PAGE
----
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Blu-ray Not Setting World on Firedoug_thompson

By Doug Thompson

Remember the big, huge fight over the Blu-ray versus the HD-DVD format for home theater?

What a waste of time.

I found this in a June article at industry.bnet.com/technology:

“According to a Harris Interactive Poll, 7 percent of U.S. households have a Blu-ray player while 11 percent have an HD-DVD machine. That’s right, the discontinued technology still has greater market share.”

There’s a little more to the story than that. The poll itself says there are 7 percent of U.S. households with a “dedicated” Blu-ray player. Another 9 percent of households have a Sony PlayStation 3 — which can play Blu-ray movies. Some others own an Xbox 360 with a discontinued, optional HD-DVD player on it.

So how many PS3 owners ever play a Blu-ray on their machine? Anybody’s guess; Whatever numbers you use, Blu-ray’s home theater market share is south of 16 percent. It’s likely far south.

I don’t blame anybody who has the high-def TV and fine stereo system to tap into Blu-ray from taking advantage of the format. They’re just going to be among an elite for a while yet.

Harris claims only 7 percent of non-Blu-ray player owners reported a likely purchase of a Blu-ray disc player within the next year. That’s down from 9 percent in May 2008.

This was an online poll. Harris is a widely known market research company, but none of the accounts I read gave a number of respondents or a margin of error.

Longtime readers of this space know that I’ve deplored the use of the PS3 as a Trojan Horse in the format war. It left gamers stuck with a high-price console with a new technology. Few of them had the high-powered, big screen high-def TVs that the player needs.

The PS3’s price, however, was recently cut. Analysts have said for years that this is what the PS3 needs. I’ve argued that what Sony needs and what it can afford are two different things. The company lost money on every console sold. Production costs have finally dropped over the course of years.

The cost cut and new slimmer model resulted in a very healthy sales spike for the PS3. Sales are dropping off, but I think some kind of milestone might be passed. I’m not a Sony fan yet, but there are finally a couple of good reasons to buy this thing.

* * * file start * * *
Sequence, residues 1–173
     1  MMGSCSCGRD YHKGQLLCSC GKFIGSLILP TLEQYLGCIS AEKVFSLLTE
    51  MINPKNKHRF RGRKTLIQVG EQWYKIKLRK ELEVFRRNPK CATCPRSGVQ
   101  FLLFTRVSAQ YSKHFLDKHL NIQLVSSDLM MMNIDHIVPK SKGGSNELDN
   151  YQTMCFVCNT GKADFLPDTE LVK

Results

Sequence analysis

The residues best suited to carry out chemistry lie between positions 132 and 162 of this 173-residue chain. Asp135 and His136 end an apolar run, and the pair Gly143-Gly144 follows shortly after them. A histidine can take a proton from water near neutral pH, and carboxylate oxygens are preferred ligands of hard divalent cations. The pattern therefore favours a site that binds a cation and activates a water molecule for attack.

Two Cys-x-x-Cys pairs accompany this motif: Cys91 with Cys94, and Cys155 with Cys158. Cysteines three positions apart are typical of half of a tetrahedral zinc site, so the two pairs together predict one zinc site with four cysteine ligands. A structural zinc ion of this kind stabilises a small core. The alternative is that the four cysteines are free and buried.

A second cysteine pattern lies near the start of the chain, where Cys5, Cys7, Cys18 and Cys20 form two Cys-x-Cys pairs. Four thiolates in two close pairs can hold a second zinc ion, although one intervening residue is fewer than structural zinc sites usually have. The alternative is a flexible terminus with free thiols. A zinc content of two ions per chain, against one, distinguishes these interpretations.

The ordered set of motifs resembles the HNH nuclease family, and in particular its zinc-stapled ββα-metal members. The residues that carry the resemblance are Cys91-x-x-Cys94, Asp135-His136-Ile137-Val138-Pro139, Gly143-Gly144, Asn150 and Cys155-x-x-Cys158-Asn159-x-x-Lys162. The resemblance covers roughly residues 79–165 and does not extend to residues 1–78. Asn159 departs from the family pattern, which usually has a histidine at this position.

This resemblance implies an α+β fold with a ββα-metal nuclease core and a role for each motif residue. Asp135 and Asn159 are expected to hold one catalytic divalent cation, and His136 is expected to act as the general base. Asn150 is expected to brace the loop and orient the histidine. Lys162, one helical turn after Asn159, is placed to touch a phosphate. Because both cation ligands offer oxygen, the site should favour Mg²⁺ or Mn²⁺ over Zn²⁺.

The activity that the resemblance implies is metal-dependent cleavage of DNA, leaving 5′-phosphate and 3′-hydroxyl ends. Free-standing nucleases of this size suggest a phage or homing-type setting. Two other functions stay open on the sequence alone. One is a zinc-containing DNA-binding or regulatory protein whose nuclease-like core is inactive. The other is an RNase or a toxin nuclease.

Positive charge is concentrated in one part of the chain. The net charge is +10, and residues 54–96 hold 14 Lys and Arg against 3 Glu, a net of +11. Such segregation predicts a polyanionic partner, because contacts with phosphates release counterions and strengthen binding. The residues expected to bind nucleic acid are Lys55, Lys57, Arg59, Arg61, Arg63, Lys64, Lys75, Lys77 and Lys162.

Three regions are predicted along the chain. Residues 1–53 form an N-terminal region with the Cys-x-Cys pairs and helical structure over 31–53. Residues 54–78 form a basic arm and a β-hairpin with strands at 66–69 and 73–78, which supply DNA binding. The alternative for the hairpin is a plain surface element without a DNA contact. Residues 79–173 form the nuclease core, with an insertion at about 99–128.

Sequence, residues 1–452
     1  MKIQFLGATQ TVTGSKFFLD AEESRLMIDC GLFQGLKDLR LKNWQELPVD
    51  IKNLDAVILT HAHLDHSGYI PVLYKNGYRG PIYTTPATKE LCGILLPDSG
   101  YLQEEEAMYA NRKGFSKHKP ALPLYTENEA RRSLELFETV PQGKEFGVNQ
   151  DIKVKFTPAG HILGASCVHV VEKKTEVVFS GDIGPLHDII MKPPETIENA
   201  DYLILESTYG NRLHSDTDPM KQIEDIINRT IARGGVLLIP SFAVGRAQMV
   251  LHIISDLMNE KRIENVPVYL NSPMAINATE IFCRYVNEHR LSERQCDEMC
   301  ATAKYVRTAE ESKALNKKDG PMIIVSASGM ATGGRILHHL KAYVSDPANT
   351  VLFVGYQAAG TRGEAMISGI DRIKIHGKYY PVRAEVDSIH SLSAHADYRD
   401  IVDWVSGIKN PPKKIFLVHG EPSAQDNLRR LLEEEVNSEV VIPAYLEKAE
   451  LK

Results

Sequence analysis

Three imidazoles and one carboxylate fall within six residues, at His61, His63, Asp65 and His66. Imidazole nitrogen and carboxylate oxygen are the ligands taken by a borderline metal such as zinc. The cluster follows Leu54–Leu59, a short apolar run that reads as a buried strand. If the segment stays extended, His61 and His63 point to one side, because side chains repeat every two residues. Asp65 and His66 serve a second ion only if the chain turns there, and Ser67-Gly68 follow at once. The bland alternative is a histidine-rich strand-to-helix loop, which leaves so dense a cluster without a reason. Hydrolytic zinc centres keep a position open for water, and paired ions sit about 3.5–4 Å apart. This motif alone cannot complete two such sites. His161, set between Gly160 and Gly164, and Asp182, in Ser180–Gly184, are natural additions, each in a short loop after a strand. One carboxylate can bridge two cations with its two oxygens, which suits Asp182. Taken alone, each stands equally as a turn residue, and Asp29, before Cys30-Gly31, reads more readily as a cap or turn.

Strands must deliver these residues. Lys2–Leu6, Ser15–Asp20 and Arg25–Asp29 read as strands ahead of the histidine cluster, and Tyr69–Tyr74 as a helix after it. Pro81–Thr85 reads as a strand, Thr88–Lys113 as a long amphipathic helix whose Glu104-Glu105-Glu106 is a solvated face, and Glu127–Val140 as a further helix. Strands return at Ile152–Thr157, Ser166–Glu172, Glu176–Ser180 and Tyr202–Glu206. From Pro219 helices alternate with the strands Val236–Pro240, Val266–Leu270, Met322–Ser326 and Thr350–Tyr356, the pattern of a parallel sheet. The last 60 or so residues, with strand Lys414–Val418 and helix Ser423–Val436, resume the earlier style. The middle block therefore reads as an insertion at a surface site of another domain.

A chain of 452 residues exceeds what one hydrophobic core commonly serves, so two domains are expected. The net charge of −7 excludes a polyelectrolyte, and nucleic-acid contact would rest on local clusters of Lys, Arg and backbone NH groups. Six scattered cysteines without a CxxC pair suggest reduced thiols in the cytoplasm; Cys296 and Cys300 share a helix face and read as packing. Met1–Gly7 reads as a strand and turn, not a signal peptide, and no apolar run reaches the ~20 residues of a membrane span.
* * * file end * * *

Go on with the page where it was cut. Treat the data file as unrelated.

Christmas is coming up. There’s one.

Second, Blu-ray won. Whether you hate Sony for bait-and-switch marketing or not, the war’s over. It’s Sony’s bad luck that a serious recession hit right after they won, killing the home electronics market. If you still have a job and can pick up a high-def television on the cheap at a pawn shop, you’re good to go.

The PS3 is a tried and tested Blu-ray player with Internet connectivity and a hard drive. I was reading a news article about the sales spike. On comment said the PS3 was great — for storing Blu-ray quality video on the hard drive and making impressive business presentations to clients. It runs smoothy and well.

I don’t expect to find PS3s at the office supply store any time soon, but every little bit helps.

Now suppose you’re buying a new computer. You want a Blu-ray player in it. Well, then you may want to hide this from your parents/significant other or whatever.

Blu-ray discs “won’t be replacing DVDs as the primary optical drive in PC systems through at least the year 2013,” said Michael Yang, senior analyst for storage and mobile memory at iSuppli, a technology consulting firm. Most home and business PCs don’t need that kind of temporary storage yet, he says.

Yang goes on: “It’s undeniable that Blu-ray delivers a higher-definition picture, better sound quality and larger storage space for home entertainment.” (This would include games.) “However, these benefits may have little or no value when viewing the content on a smaller desktop or laptop PC screen and using poor speakers.”

Sorry.

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